Recently the BBC held what they called Super-Power Nation Day during which they asked the question; If everybody in the world could communicate freely with each other, no matter which language they spoke, what would happen?
By using a specially created website, users from around the world could post and reply to each other’s messages, even if they did not share the same language.
The experiment was part of the BBC’s SuperPower season, a series of programmes, online reports and events designed to examine the extraordinary power of the internet.
Representatives from more than 20 of the BBC World Service language services translated for people who attended the six-hour event at Shoreditch town hall, or called in by telephone.
Meanwhile, comments online were translated using software created by Google, allowing users to write in their own language before seeing it translated into six others instantaneously.
English, Arabic, Chinese, Portuguese, Persian, Indonesian and Spanish were all supported.
It seems as though the day was a great success and the BBC and Google should be congratulated for what they achieved. But…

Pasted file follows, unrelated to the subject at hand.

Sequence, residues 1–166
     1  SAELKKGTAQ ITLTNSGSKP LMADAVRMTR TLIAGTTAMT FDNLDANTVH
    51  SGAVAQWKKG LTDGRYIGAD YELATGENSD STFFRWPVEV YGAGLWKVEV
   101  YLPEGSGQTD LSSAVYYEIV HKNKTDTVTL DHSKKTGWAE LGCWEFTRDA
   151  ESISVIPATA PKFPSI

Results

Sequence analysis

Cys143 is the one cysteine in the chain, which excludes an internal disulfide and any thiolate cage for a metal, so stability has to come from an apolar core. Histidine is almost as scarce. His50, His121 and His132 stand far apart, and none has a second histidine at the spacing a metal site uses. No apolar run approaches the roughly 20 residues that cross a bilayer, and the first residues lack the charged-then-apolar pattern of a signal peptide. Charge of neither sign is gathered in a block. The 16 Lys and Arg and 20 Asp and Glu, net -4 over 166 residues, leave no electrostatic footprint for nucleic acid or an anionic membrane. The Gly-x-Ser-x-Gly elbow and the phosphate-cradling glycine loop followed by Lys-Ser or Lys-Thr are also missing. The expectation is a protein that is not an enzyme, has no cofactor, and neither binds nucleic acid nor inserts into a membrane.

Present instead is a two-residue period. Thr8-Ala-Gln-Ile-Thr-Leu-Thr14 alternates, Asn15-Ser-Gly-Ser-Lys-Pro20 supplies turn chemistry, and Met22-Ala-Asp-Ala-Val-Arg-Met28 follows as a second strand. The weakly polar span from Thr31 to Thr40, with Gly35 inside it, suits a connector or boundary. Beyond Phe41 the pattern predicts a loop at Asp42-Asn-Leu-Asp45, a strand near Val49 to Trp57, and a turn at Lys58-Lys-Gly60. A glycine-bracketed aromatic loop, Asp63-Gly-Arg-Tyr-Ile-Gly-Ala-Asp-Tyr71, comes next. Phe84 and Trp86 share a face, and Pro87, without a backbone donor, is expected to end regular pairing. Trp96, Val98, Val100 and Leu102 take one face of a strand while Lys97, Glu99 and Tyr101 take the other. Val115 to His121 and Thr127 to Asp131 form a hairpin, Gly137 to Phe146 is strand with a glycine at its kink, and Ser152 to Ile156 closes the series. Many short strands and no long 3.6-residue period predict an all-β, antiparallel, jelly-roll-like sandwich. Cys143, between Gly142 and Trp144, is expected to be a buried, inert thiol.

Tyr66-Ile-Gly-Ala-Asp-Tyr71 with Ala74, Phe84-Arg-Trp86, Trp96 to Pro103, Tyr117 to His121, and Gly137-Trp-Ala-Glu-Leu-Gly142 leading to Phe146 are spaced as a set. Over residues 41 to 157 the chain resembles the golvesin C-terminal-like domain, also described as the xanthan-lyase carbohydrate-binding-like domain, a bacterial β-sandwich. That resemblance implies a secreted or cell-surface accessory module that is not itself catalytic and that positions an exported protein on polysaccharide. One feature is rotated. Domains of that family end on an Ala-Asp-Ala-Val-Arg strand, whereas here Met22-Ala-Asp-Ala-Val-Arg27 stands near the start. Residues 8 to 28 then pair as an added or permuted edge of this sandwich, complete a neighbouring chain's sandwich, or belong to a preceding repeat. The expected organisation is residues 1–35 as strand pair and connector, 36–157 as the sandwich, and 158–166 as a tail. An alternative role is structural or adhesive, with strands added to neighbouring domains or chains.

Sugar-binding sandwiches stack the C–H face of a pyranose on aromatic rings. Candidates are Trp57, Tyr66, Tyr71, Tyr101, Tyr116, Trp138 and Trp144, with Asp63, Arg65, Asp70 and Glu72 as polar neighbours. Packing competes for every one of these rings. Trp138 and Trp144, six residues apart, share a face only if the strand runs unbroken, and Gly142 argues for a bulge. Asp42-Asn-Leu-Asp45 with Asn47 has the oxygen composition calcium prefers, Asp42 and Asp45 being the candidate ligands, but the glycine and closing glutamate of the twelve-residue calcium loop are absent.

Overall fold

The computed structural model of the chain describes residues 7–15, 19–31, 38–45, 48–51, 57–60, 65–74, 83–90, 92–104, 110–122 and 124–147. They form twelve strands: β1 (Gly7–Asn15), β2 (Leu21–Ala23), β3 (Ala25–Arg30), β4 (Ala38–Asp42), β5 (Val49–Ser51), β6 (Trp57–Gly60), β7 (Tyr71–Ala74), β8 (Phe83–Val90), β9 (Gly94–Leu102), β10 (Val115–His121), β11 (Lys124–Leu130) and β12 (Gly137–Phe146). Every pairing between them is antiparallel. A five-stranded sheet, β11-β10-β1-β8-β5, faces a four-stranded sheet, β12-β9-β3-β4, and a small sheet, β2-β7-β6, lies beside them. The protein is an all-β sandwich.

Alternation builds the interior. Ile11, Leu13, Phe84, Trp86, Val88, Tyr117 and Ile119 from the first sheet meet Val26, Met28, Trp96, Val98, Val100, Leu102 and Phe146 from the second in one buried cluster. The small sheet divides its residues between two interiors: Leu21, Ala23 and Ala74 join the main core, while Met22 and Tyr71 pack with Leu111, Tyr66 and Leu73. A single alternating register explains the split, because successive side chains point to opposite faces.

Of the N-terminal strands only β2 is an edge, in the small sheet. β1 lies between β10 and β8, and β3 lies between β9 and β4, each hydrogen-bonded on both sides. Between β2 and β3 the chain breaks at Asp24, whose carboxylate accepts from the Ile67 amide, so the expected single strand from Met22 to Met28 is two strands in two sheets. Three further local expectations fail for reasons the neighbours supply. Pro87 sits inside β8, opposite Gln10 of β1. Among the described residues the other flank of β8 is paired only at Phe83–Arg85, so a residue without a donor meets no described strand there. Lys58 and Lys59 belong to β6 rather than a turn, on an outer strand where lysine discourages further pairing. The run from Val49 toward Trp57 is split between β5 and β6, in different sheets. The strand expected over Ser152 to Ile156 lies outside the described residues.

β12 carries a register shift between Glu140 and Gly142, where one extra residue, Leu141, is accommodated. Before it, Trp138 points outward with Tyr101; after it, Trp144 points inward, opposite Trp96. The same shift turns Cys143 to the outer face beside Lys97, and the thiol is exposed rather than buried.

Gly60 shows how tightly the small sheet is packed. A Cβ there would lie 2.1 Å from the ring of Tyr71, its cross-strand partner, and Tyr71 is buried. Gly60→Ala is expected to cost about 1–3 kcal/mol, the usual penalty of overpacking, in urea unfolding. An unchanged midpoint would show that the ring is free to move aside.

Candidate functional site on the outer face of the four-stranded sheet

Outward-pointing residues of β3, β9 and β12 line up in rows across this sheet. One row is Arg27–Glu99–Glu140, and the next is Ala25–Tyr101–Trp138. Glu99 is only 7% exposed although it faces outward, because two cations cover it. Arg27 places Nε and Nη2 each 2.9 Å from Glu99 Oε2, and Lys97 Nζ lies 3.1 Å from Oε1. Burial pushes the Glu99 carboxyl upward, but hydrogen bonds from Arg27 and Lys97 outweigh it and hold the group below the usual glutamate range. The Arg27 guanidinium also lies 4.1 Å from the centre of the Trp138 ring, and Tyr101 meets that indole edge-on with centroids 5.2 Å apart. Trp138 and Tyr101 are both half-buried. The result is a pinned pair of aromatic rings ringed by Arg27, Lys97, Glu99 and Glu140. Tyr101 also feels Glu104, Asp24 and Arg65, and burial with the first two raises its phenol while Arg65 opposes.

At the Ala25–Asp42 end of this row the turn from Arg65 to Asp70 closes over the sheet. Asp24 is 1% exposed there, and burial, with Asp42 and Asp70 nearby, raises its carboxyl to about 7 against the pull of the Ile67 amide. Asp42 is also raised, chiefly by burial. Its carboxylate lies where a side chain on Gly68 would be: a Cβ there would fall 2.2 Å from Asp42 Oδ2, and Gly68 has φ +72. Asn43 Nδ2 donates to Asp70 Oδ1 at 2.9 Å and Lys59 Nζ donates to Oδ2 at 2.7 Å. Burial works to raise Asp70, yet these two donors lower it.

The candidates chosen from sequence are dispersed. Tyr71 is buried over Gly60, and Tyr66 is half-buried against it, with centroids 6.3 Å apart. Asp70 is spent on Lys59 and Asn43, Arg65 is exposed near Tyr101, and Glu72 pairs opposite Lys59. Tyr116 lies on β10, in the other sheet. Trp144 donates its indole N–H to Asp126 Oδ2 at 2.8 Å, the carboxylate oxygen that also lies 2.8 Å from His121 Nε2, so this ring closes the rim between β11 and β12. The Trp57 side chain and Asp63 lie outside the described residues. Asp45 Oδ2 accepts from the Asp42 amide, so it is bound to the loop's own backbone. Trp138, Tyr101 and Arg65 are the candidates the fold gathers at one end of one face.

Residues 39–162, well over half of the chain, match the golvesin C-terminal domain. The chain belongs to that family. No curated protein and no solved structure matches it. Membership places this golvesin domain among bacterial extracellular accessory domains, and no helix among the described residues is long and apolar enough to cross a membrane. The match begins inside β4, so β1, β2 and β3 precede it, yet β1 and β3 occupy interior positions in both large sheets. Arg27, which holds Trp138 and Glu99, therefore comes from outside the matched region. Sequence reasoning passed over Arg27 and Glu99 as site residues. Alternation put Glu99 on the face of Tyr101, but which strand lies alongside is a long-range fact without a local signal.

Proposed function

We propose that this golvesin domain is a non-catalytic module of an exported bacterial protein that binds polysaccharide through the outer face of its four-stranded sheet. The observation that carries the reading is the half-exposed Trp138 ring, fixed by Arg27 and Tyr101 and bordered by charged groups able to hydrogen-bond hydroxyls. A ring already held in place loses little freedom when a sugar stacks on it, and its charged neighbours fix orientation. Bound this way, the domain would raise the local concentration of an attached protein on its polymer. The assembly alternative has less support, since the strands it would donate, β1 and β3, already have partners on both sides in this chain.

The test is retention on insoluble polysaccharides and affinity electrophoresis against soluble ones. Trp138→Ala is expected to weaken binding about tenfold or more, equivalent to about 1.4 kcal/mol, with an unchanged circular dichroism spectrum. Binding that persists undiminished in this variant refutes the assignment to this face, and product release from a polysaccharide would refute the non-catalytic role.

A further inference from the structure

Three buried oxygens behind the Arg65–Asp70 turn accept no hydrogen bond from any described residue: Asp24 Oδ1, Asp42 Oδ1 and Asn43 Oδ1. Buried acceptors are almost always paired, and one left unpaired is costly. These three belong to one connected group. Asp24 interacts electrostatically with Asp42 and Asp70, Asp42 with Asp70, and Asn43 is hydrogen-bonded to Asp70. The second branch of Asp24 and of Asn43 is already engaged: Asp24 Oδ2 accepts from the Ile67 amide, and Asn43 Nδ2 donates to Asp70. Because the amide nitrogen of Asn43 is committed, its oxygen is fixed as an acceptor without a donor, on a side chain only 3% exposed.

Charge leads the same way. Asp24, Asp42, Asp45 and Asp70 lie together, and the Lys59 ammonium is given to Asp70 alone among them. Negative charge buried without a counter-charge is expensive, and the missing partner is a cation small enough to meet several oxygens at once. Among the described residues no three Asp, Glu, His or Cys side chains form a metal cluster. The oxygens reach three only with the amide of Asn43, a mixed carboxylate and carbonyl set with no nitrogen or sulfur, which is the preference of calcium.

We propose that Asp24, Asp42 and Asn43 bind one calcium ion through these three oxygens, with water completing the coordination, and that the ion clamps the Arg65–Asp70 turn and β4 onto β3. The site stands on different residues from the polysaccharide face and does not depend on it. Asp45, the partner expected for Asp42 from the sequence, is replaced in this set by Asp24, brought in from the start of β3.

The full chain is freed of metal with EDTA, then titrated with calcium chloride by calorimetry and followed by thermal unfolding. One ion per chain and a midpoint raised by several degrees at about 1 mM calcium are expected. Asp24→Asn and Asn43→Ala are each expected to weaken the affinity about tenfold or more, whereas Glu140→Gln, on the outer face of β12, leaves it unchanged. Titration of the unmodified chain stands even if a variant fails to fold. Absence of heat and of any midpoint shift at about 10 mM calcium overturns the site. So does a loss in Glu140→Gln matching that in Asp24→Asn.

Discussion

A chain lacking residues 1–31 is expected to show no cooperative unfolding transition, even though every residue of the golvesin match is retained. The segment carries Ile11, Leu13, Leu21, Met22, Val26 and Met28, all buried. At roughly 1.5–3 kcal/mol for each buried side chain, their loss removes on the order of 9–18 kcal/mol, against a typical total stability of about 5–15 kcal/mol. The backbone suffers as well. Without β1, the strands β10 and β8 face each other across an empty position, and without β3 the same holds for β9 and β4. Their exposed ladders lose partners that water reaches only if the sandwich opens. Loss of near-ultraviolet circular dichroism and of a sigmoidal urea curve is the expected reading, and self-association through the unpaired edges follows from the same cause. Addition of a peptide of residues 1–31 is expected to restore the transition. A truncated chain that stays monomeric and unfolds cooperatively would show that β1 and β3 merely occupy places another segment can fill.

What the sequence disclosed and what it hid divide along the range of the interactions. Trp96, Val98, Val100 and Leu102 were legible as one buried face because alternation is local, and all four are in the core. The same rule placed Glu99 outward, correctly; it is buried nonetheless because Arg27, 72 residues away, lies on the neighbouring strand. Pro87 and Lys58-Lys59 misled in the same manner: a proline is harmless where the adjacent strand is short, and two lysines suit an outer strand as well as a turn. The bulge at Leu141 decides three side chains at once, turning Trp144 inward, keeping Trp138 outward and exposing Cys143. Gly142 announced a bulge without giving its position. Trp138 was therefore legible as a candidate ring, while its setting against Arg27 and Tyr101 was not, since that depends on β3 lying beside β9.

For twenty of the languages they had to rely on human translators, only six could be translated by computers. And that leaves something like 6,000 languages which were not represented at all. Now it is true, that a large proportion of the world’s population speaks on of the six languages that were included in the computer experiment. But what of those who aren’t? I become increasingly concerned about the digital divide that we are creating between the world’s haves and have-nots. As I’ve argued more than once, machine translation will probably never extend to the significant number of minority languages in the world. And these are the languages spoken by the poor, the dispossessed, the ones without water, internet access or adequate political representation. What are we going to do to ensure that they don’t simply get left standing at the side of the information superhighway?